Note: if the cardinality constraint on any of the entity types E participating in the relationship is 1, the PK should not include the FK attributes that reference the relation E’ corresponding to E (see section 4.7 [1])

ER-to-Relational Mapping

Summary of Mapping Constructs & Constraints
Correspondence between ER and Relational Models
ER Model Entity type 1:1 or 1:N relationship type M:N relationship type n-ary relationship type Simple attribute Composite attribute Multivalued attribute Value set Key attribute Relational Model “Entity” relation Foreign key (or “relationship” relation) “Relationship” relation and two foreign keys “Relationship” relation and n foreign keys Attribute Set of simple component attributes Relation and foreign key Domain Primary (or secondary) key

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ER- & EER-to-Relational Mapping

ER– – – – – – –

Step 1: Mapping of Regular Entity Types Step 2: Mapping of Weak Entity Types Step 3: Mapping of Binary 1:1 Relationship Types Step 4: Mapping of Binary 1:N Relationship Types Step 5: Mapping of Binary M:N Relationship Types Step 6: Mapping of Multivalued attributes Step 7: Mapping of N-ary Relationship Types Step 8: Options for Mapping Specialization or Generalization. Step 9: Mapping of Union Types (Categories)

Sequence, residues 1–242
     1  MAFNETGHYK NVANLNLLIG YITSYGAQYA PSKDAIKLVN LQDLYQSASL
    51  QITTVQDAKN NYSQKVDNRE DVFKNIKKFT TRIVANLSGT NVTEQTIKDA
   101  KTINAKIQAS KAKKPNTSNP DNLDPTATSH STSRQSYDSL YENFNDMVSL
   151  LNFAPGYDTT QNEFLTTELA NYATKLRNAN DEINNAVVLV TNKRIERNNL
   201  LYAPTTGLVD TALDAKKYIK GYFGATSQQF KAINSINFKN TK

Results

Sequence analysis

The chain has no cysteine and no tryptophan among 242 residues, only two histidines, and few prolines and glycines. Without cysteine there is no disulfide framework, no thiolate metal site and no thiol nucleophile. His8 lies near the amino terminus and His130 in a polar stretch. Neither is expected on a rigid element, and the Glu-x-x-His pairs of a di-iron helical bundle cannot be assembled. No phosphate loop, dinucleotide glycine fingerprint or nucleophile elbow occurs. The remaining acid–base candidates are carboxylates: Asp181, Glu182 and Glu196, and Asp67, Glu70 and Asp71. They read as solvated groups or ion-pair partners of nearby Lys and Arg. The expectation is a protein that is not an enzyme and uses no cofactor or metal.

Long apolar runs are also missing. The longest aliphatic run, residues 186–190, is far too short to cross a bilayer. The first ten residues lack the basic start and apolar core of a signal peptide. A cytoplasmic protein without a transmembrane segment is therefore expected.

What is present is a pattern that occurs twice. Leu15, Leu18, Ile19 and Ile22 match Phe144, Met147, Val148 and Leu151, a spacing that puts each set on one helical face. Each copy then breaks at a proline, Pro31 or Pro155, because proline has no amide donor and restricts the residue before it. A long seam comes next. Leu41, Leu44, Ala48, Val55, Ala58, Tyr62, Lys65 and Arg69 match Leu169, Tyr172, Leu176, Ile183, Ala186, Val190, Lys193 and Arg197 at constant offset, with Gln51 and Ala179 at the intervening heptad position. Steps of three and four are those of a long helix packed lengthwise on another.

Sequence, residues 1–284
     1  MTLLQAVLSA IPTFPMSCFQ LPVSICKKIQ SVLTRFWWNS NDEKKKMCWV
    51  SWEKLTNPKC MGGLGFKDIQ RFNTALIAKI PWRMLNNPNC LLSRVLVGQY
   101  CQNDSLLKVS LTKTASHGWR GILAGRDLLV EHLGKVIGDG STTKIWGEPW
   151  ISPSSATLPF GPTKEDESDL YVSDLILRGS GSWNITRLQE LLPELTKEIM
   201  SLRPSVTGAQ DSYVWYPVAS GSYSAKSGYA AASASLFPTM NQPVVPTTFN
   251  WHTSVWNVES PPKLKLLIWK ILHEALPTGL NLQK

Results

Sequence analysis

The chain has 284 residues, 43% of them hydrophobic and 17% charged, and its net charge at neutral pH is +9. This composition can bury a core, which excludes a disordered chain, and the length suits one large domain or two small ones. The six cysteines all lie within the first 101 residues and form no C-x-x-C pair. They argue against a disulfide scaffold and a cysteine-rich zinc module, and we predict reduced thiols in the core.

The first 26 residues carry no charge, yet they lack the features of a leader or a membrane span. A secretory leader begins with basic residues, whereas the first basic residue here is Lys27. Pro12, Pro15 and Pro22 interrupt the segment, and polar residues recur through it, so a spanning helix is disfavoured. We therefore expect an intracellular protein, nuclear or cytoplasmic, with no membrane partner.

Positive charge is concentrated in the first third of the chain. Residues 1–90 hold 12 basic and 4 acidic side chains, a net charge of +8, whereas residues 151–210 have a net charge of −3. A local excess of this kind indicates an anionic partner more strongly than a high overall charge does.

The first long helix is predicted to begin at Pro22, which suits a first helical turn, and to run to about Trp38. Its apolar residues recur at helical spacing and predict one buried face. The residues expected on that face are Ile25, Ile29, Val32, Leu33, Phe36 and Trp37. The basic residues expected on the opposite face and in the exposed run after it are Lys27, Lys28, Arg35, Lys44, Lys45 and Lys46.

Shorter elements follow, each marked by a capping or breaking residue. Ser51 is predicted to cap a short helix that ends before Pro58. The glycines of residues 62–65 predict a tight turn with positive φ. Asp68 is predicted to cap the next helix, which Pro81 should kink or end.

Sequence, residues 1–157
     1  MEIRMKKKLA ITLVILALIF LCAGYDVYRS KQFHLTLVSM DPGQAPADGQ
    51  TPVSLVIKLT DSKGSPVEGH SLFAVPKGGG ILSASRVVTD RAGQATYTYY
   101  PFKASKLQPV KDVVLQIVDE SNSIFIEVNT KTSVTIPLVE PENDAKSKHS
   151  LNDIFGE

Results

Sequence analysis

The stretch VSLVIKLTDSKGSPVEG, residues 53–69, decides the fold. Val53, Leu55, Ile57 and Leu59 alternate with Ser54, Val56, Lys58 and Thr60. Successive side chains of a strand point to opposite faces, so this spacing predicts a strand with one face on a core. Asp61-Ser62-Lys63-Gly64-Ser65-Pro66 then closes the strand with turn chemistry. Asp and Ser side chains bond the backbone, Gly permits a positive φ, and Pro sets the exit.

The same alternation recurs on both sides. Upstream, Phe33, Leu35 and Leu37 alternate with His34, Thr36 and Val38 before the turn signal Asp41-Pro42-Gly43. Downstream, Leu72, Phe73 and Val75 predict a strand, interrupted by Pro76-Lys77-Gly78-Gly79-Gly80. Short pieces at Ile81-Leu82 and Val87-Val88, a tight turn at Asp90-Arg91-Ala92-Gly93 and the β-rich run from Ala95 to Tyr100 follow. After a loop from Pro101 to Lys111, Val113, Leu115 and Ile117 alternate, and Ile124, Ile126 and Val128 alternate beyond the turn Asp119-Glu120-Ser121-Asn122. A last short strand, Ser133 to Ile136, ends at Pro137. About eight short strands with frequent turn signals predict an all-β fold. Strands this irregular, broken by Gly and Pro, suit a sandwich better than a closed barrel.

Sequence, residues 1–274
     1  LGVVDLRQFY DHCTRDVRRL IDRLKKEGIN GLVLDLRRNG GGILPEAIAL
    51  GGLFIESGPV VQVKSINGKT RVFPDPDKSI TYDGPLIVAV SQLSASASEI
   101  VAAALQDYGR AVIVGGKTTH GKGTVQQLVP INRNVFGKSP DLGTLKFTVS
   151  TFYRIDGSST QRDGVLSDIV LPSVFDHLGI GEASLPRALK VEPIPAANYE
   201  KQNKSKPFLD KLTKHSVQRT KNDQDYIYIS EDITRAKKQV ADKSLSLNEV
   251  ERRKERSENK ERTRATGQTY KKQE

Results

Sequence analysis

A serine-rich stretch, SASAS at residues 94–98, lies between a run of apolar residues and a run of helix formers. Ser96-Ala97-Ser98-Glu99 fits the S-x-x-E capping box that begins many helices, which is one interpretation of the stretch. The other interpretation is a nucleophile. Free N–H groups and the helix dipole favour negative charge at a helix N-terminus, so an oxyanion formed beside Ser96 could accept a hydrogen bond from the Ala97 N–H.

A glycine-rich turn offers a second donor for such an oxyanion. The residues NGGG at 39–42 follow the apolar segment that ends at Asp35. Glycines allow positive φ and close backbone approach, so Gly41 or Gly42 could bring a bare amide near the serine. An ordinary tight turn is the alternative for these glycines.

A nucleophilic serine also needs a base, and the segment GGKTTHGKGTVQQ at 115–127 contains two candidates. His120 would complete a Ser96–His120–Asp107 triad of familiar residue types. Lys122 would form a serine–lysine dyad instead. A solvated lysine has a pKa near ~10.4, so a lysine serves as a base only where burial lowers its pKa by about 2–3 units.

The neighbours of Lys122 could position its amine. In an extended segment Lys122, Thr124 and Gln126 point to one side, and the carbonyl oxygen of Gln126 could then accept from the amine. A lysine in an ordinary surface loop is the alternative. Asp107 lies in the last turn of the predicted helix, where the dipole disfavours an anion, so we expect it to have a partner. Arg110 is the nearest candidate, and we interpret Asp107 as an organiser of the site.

EER– –

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EER-to-Relational Mapping

Step8: Options for Mapping Specialization or Generalization. Convert each specialization with m subclasses {S1, S2,….,Sm} and generalized superclass C, where the attributes of C are {k,a1,…an} and k is the (primary) key, into relational schemas using one of the four following options: